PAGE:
Much like the cells of our bodies group together to become self-aware, perhaps our destiny is also to group at a cosmic scale… We would then be the “senses” of a greater being, which allows it to feel and experience. Our own experiences would be finite and something we can’t comprehend, but at the cosmic scale, we might be forming one global entity, which integrates the sum of all our experiences into something that could be described as a mega cosmic orgasm. As such, the divine wouldn’t be distinct from us. We would all be, in small ways, pieces of the divine. And although we mostly go through our lives centered on our basic needs, we are nevertheless experiencing everything there is to experience in the material world. And much like the waves rise to die on the beach, we would come to life to experience dualism and then die, largely unaware of our contribution to this ultimate experience. Through our very existences, we would allow this greater being to experience dualism. Dualism is an essential part of experiences because it rests on oppositions: It takes cold to understand hot; negative experiences to understand positive ones; ugly to understand beauty; etc. Without matter there would be no life, without life there would be no experiences and consciousness would have no reason to even exist.
Then comes love
We experience life as individuals, but we are most accurately contributing and extending a journey that begun billions of years ago. When we die, we finish our punctual journey and we lose our personal identity because we dissolve back into the everything. We give up our dualistic experience to become the divine again. Perhaps this is why many people who have experienced near death have had a vision of a tunnel, the tunnel taking us back to the field of consciousness.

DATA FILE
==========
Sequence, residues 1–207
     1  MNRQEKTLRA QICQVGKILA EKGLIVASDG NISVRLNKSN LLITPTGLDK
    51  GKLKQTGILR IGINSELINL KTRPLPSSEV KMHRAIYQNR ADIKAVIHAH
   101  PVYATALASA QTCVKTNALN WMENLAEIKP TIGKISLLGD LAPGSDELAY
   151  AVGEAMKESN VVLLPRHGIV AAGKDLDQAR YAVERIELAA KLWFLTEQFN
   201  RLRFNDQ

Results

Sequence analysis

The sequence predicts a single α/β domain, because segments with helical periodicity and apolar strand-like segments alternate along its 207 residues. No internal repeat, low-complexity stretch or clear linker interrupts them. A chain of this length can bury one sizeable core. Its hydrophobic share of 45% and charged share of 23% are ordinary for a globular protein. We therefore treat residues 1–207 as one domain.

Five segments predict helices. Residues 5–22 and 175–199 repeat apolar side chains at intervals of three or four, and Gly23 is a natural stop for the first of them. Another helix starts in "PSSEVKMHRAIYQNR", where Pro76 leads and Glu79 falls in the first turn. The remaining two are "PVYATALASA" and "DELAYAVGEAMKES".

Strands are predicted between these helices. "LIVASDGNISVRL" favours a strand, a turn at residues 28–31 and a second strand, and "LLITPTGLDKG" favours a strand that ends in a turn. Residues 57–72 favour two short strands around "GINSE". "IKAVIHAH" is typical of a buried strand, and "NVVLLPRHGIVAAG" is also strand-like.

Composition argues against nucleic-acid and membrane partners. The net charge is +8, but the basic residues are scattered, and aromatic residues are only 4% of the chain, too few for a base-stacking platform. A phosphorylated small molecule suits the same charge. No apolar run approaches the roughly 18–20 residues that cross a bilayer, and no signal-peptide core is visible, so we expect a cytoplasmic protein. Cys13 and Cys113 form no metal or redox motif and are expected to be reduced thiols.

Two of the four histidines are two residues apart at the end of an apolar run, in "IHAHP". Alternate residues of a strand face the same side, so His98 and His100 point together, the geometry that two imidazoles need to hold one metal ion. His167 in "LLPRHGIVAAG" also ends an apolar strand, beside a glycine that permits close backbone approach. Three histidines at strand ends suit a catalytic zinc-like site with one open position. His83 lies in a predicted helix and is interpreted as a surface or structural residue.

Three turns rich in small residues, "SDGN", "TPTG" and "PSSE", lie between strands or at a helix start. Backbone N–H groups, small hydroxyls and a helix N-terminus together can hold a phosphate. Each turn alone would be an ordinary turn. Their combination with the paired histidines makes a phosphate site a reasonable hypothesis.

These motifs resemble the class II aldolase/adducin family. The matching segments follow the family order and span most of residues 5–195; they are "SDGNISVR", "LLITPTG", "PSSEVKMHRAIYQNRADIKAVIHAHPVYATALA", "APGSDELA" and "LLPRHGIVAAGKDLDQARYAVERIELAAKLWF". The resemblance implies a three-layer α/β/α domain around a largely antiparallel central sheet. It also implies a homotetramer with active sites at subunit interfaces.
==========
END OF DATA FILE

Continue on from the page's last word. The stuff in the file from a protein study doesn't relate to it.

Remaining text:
But if our lives amount to little more than experiencing dualism, then why should we even care? Perhaps because, by helping us become more aware of the role we play in the universe, spirituality can bring us to appreciate and develop a new sense of awareness, a sense of belonging and of oneness. Our ego allows us to experience a path to consciousness. More than just neighbors, friends, family members and even lovers; we are truly the independent particles of one and the same being. Much like a single pixel on a computer screen, we are unable to apprehend the big picture. By developing our own consciousness we can not only better experience dualism, but we can also tap into the amazing power of non-dualism. In fact, I like to think that Nirvana occurs when we fully embrace non-dualism. This happens when our mind and body become fully aware of the purpose and of the place they occupy in the big picture of the universe. When this occurs, we feel extraordinarily unified, powerful and wonderful. We can see and touch the divine, because the divine is not only all around us, but also within.
Whether we call it “God”, “universal consciousness” or the “divine”, we experience it best through the sentiment of “love”. Indeed, when we love ourselves, when we love our loved ones, and ultimately when we love everything and everyone as we love ourselves, we experience Nirvana through oneness. Solving the world’s problems through the exercise of power is an approach that belongs to lower stages of consciousness (see Part 5). By taming our ego and by increasing our consciousness, we develop unconditional love, the ultimate life experience and the only power that can help us overcome the challenges that our world is facing so we can move as one, each with our distinctive and vibrant personalities.
Please share your thoughts!